My 2012 WRX was a blast to drive, but there was a little body roll, and the steering felt a bit numb. This could be remedied with some modifications, but I wasn't really interested in that, especially considering it was a leased vehicle. I think a stickier set of tires would have added some heft to the steering.
I'm happy to report that the 2015+ WRX has noticeably better handling and better-weighted steering. I wouldn't call it sports car handling, but there's less body roll, and the steering feel and precision are great. I can fling it around corners faster than the old model. This car is very maneuverable and a pleasure to drive.
Engine & Exhaust
The 2012 WRX used a 2.5-liter flat four (EJ25) engine, mated to a single scroll turbocharger. It also had unequal-length headers, providing the famous (or infamous) "boxer rumble." I personally loved the sound, although I understand some find it obnoxious. I had the base factory exhaust, so the sound was only for driver and passengers to enjoy. Even though this engine is lambasted for being old tech, I liked it overall, except that the turbo lag could get annoying.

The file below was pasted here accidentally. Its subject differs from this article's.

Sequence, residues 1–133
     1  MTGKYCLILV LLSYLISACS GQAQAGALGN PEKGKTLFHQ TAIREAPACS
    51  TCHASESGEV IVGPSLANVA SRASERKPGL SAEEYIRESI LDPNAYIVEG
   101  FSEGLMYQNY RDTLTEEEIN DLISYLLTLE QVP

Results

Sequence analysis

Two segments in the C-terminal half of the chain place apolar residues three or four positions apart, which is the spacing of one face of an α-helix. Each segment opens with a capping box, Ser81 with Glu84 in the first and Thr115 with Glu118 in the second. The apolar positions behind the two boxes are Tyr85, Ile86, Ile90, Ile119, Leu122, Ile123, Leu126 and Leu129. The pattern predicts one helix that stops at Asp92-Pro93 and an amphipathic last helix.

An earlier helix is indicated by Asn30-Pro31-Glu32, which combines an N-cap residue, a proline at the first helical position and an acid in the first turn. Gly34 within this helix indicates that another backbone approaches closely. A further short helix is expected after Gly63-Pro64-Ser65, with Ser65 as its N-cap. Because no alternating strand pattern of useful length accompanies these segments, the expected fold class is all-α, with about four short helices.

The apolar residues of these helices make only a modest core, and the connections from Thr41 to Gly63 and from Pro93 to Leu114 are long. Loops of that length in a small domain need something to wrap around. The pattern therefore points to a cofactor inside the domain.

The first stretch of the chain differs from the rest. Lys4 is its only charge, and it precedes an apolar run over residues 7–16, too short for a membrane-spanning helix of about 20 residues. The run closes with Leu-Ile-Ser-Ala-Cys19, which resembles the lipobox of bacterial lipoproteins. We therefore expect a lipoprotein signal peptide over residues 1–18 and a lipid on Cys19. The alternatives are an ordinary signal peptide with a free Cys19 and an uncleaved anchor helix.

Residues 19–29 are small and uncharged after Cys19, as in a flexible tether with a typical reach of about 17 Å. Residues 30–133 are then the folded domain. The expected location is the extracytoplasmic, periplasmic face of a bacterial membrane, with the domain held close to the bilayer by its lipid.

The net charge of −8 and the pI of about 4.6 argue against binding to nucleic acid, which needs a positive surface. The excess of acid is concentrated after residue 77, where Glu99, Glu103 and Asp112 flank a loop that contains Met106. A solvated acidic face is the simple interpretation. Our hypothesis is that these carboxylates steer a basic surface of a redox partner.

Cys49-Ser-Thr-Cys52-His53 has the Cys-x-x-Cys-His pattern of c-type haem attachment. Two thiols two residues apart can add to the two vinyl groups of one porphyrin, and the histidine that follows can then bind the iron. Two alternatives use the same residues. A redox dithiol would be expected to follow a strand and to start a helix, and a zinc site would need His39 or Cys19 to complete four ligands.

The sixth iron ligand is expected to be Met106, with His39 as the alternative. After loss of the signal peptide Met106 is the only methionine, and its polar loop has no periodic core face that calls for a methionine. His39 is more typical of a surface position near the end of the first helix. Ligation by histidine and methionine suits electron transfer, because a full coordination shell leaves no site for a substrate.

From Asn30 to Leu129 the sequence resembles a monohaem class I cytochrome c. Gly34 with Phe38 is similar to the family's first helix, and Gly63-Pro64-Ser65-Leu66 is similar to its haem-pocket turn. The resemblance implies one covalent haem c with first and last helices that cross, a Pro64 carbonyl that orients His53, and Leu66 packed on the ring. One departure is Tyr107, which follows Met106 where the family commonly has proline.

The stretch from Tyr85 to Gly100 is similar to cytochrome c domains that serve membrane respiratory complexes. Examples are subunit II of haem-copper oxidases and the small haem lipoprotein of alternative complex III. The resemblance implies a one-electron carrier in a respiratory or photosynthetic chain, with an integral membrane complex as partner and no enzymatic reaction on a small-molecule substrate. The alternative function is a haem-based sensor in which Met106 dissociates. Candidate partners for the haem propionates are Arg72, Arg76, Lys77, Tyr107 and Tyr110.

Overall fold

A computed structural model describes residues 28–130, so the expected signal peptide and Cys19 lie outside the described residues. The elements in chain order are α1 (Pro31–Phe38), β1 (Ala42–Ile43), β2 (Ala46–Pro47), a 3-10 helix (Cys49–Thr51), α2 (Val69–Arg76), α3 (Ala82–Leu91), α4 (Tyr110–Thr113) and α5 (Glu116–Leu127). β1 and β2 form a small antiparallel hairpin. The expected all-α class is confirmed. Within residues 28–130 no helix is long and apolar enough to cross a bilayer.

The 2015+ WRX uses a new 2.0-liter direct-injected engine (FA20), paired with a twin scroll turbo. It has equal length headers, allowing for better performance, but gone is that rumble. I kind of miss the sound of the old EJ25, but the new powerplant is smooth and slightly more fuel efficient (although fuel efficiency is a moot point when purchasing a performance vehicle, in my opinion). The new model doesn't sound bad, just not as throaty; the turbo sound is actually more pronounced, which I like. More importantly, the torque comes on earlier with the FA20 and turbo lag is not quite as bad.
For the 2009–2014 model years, the WRX was only available with a 5-speed manual transmission. It wasn't horrible, but it wasn't that crisp, either. Many people described it as being notchy. I had the factory short-throw shifter, which was decent, but still could have been smoother in its shifts.